Thursday, September 30, 2010


         "Jenny! Need some help?"
I'd pulled into the underground garage beneath my condominium and had flipped up the hatchback on my car when I heard Tom's voice behind me.
"You're a lifesaver," I said, as he slid out of his car, having just pulled in alongside me.I was his new neighbor in the building. Well, not exactly his neighbor since he lived on the third floor and I lived on the fifth. We'd already talked several times; he'd helped me out of a couple of jams. We were both single. Not dating.
He was the nicest, friendliest person. Easy on the eyes, too. Tall. Lean. Beautiful blond hair. Sky-blue eyes. But I'd never really seen him smile. He intrigued me; he made my heart flutter, but I thought, Control yourself, Jenny. It's way too soon.
"What've you got there?" he said, looking amazed. "Eight, nine, ten bags of groceries?"
I explained that school boards paid teachers only once a month. After five years in the profession, I'd learned that it was wise to stock up after every payday. We made two trips each to my apartment. When Tom set the last bag on kitchen table, I smiled and said, "I owe you."
He flipped a palm up. "You don't. Glad to help." And with that he disappeared, adding simply, "See you around."
The truth is I really did owe Tom. He'd changed a flat tire for me, and when I couldn't track down the building's maintenance person, he'd fixed a leaky pipe under my kitchen sink. But each time, after helping me out, he hurried away. I suspected we both suffered from the same affliction. We were afraid of rebounding from a failed relationship.
Two days later, on a Friday afternoon after work, Tom and I rode the elevator together up to our respective apartments. He was a lawyer who worked for State Legal Aid, an agency that offered legal assistance for people of low income. At the last minute, feeling my heart rate spike, I gathered my courage and blurted, "How about a cup of coffee? Freshly baked chocolate-chip cookies. My mom's recipe."
His lips pursed. He started to say something. But stopped. Then, "I really can't. I mean, I shouldn't—"
"I understand," I said, as the elevator doors slid open and Tom exited, not even looking back. Disappointed, I heaved a sigh and thought, Well, you blew that, Jenny!
I wondered if his experience had been close to mine. I'd gone with Steve two years. We talked about marriage endlessly—before he decided we weren't "right for each other."  Maybe things had been worse for Tom: His fiancé left him at the altar.
Thirty minutes later, after I'd showered and dressed in jeans, T-shirt, and sneakers—I wasn't going anywhere tonight—hadn't gone anywhere on a Friday night in ages—a knock sounded at my door. Who in the world—? I swung the door open. And there stood Tom, scratching the back of his head, looking sheepish. "I—I need to apologize," he stammered, "for being such a jerk. Blowing you off like I did."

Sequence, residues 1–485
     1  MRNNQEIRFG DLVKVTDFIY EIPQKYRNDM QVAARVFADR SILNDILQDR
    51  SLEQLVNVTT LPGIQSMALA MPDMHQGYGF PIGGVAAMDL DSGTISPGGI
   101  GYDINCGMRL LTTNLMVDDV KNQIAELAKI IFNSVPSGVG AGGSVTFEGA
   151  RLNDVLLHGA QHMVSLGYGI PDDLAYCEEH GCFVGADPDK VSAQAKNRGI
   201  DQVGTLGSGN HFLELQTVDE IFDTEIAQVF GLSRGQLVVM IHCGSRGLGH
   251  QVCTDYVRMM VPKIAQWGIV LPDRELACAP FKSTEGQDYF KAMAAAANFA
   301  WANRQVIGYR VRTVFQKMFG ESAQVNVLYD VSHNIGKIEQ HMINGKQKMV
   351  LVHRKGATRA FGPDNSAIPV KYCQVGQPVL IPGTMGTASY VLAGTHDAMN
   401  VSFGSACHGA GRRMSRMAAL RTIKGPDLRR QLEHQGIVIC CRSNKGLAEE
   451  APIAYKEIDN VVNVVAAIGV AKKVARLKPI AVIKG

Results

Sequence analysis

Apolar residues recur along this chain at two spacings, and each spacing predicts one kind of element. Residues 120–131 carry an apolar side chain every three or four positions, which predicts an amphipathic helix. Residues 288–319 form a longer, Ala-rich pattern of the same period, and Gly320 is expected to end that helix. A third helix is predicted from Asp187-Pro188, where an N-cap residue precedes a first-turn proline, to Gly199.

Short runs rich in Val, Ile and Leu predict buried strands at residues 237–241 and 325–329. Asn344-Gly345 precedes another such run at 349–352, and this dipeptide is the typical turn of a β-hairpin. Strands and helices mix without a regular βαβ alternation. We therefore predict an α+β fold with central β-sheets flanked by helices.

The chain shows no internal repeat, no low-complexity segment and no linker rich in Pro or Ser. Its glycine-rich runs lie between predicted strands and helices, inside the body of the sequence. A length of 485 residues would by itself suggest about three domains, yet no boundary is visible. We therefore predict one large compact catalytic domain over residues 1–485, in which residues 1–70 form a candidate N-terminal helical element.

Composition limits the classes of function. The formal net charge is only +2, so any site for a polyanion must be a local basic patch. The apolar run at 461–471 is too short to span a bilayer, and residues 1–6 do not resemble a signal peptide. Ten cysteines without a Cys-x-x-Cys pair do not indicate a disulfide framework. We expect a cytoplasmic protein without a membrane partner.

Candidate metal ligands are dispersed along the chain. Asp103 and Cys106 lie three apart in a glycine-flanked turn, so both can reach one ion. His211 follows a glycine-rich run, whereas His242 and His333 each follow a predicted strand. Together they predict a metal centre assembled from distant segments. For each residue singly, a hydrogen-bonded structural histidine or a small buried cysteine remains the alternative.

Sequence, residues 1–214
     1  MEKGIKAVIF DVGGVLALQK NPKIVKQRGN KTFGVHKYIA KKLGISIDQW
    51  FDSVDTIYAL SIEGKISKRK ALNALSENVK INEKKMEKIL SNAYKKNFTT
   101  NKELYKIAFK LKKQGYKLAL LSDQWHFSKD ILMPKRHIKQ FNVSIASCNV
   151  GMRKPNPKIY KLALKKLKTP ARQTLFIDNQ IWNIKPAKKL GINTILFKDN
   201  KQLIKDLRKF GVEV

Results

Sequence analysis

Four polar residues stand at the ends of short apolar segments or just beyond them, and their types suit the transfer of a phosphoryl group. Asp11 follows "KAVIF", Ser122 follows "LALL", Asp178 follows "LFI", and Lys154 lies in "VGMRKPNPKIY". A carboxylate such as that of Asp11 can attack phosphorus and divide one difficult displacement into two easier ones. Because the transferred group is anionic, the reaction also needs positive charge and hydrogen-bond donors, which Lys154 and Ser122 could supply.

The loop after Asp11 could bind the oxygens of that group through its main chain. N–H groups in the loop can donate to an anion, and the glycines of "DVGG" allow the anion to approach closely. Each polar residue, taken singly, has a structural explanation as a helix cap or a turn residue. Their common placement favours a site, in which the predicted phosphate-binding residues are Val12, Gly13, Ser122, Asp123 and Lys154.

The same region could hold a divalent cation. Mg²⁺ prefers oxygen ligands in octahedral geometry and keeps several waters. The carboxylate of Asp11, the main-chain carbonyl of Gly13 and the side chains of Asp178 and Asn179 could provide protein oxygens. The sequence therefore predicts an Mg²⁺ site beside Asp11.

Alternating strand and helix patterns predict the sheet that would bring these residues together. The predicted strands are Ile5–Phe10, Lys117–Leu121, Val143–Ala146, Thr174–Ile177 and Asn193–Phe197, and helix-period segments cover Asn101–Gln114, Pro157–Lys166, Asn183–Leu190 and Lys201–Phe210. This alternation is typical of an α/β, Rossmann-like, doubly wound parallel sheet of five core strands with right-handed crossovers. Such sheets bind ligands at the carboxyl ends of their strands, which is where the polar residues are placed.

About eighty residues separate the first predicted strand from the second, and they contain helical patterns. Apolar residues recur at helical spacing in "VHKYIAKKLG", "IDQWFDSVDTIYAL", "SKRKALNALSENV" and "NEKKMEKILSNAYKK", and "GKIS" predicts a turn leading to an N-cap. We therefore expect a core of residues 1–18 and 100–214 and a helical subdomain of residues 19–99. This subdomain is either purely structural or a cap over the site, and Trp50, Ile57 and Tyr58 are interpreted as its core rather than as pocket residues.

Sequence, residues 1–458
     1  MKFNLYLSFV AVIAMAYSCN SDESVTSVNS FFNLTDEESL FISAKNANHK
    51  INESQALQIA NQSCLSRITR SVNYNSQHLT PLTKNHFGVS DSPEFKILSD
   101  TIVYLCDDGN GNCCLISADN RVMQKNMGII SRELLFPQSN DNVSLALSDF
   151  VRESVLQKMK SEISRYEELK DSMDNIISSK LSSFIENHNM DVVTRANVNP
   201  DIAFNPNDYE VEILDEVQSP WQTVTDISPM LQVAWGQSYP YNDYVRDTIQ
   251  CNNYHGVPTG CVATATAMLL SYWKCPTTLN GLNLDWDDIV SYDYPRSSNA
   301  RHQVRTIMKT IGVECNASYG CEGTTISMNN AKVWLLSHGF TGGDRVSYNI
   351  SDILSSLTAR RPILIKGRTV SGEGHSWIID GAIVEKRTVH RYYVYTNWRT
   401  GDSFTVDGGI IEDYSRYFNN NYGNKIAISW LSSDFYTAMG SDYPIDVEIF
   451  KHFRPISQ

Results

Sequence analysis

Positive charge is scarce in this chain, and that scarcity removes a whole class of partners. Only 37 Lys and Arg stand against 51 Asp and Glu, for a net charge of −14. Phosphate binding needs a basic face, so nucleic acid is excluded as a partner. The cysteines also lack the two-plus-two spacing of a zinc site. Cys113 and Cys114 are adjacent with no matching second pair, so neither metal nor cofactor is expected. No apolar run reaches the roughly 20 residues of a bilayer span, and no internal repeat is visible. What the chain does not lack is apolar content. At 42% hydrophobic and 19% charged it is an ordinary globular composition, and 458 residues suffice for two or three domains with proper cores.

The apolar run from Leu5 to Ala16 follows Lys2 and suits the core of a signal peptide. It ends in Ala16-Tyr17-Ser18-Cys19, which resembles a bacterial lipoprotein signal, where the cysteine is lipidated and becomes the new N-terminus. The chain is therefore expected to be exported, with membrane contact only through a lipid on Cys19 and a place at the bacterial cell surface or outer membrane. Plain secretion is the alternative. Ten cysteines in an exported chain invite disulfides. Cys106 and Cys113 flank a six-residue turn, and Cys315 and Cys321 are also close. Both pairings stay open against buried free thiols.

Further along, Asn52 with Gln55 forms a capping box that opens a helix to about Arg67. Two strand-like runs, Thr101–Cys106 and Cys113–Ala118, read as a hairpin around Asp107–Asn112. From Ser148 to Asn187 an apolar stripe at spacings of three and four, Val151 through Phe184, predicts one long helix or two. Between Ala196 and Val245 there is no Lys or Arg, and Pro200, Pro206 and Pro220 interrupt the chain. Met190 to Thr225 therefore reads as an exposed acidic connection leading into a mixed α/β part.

"You're not a jerk, " I said, and invited him in.
While he sat at the kitchen table and I started to make coffee, I explained that I recognized all the symptoms of his illness: no dates, home every night, a fear of becoming too friendly with a member of the opposite sex. Never a smile.  "You're afraid of rebounding," I said.
"Is it that obvious?"
"To me it is." Then I told him my story.
"I know how you feel," Tom said. "Betrayed. Let down. My fiancé thought I should be making more money—I mean, I love my job. When I wouldn't accept an offer as a corporate lawyer, she split."
I poured coffee for him and set a platter of cookies on the table. "A fine pair we are," I said. "A pair of rejects."
We fell silent.
Tom took a sip of coffee, a bite of cookie. "These are delicious."
"Thank you."
He pinned his gaze on me. My face suddenly felt warm. My heart did more than flutter—it raced—and I wondered if my cheeks had turned pink. He puffed out a deep, long breath. "I've decided," he said, "that despite disappointments and fears, life is made for living. And loving. Would you like to do something tonight?"
Now my heart thumped. "Like—?"
"Dinner. A late movie."
I blinked. "I'd love to. I'd have to change."
"I'll be back in an hour." He gulped down his coffee and grabbed another cookie. "These are out of this world," he said. And for the first time ever, I saw a huge smile ripple across his handsome face.